First it was restaurants, then retail. Now the arts is the latest sector to be hit by the tightening of regulations for hiring foreigners.
Several non-profit arts companies are feeling the heat of across-the-board measures such as the recent hike in the qualifying salary for Employment Pass (EP) holders. They say there is not enough local talent in areas such as dance, music and musical theatre which require many years of specialised, intensive training.
Those affected by the Manpower Ministry's new rules include full-time contemporary dance group Arts Fission Company and professional orchestras like the Metropolitan Festival Orchestra and the Singapore Chinese Orchestra.
Arts Fission, helmed by Cultural Medallion-recipient Angela Liong, has lost three full-time foreign dancers this year and may soon lose a fourth.
It is affected by a hike in the EP qualifying salary for young graduates from good educational institutions, from $3,000 to at least $3,300. Older applicants have to command higher salaries to qualify.Also worried is the Singapore Chinese Orchestra, which employs 82 full-time musicians, 17 of whom are foreigners employed here on work passes.
Its general manager Terence Ho said: "The new rules will mean either raising salaries (to make the grade for an Employment Pass) or paying more in S Pass levies, all of which will cost us more to sustain the orchestra."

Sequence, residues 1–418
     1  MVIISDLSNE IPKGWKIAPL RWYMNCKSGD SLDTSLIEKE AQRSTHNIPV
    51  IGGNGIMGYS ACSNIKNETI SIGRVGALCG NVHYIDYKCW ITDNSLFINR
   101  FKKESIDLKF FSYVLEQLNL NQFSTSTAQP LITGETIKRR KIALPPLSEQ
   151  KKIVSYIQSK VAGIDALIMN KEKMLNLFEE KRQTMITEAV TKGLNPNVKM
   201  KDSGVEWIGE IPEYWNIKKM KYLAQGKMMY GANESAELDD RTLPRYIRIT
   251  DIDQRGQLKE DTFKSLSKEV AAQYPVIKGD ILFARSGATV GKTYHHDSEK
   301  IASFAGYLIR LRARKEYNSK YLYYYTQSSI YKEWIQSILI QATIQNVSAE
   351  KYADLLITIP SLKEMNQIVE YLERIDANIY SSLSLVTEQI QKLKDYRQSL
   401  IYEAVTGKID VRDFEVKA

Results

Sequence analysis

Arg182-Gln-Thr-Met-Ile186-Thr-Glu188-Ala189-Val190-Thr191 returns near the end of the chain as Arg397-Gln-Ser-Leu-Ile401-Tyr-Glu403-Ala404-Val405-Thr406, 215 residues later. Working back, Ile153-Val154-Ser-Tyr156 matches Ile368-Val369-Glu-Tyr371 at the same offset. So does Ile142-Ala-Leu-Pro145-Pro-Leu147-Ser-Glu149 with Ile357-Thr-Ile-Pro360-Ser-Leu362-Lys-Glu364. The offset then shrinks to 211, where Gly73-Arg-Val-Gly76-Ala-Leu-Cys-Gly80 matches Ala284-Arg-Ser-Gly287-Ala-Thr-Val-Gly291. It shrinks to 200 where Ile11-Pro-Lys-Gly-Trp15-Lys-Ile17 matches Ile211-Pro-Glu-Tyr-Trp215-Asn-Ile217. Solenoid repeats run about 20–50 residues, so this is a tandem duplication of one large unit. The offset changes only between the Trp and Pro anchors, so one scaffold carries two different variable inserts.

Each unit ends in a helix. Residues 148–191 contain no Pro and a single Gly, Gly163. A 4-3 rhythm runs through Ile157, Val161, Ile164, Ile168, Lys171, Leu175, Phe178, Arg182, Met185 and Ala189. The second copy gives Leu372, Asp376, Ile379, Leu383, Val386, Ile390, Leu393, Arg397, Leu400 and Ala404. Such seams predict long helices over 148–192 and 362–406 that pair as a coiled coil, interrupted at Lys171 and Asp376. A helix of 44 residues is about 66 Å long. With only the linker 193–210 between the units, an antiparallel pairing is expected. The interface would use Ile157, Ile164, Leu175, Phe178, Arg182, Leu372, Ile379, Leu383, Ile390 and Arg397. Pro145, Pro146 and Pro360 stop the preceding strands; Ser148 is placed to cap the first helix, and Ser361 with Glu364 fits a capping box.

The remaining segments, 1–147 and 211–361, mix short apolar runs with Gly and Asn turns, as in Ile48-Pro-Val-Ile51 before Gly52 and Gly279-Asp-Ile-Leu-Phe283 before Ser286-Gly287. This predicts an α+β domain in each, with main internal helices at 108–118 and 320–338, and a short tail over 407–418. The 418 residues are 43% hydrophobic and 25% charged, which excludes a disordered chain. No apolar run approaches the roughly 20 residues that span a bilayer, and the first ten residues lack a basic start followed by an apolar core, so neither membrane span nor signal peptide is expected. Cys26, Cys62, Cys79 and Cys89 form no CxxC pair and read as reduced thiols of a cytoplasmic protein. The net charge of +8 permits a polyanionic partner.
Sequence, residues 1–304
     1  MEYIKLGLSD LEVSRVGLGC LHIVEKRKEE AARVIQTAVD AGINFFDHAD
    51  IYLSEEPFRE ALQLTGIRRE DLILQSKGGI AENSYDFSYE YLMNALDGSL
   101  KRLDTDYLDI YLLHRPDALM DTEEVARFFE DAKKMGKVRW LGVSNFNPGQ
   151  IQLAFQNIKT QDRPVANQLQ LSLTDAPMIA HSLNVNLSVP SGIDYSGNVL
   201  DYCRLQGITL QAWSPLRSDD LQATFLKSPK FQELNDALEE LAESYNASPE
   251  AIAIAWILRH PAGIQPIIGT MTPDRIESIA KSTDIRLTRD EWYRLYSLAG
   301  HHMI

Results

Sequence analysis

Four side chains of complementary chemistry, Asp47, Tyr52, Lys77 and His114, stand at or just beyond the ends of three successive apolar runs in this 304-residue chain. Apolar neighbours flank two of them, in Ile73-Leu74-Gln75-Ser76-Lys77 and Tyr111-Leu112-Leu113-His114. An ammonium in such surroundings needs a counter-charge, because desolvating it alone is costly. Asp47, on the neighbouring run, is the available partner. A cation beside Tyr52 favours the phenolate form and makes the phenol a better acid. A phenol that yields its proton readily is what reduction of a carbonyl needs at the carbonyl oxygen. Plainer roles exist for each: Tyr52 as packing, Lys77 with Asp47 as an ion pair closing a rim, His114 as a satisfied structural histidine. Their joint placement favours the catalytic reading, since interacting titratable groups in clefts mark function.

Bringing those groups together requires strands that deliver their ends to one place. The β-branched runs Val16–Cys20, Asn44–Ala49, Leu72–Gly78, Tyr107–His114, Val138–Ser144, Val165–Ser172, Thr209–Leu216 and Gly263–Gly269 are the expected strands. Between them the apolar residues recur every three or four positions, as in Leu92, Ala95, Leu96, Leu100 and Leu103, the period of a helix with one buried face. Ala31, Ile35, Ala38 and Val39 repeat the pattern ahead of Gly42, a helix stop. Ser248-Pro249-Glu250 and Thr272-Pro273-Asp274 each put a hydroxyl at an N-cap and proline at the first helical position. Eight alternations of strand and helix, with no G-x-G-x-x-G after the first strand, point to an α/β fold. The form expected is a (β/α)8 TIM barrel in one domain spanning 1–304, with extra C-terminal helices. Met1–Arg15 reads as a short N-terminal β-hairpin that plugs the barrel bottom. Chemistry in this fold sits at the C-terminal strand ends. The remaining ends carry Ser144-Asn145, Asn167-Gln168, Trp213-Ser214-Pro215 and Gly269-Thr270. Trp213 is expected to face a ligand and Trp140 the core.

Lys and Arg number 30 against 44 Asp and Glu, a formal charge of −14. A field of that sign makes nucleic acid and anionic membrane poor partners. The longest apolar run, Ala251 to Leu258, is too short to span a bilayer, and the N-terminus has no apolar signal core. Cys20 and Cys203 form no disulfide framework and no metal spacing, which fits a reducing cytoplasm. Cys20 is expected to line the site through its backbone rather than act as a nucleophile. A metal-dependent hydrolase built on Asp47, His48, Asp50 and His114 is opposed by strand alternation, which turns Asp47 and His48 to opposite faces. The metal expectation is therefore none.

The question of whether foreign manpower policies "can be refined to take into account the modest pay scales of skilled arts professionals and the freelance nature of work in these sectors" was raised by Nominated MP Janice Koh in Parliament on Tuesday.
Acting Manpower Minister Tan Chuan-Jin replied that the basic requirements for work pass application have to be "applied consistently across the board". "Fixed monthly salary is one of the key criteria used to determine a foreigner's eligibility for a work pass, taken as a proxy of a foreigner's quality and economic contribution," he said
However, he added his ministry recognises that the "arts scene is still relatively young". It gives "some flexibility for specific arts professionals on a case by case basis, when there is support given by the National Arts Council".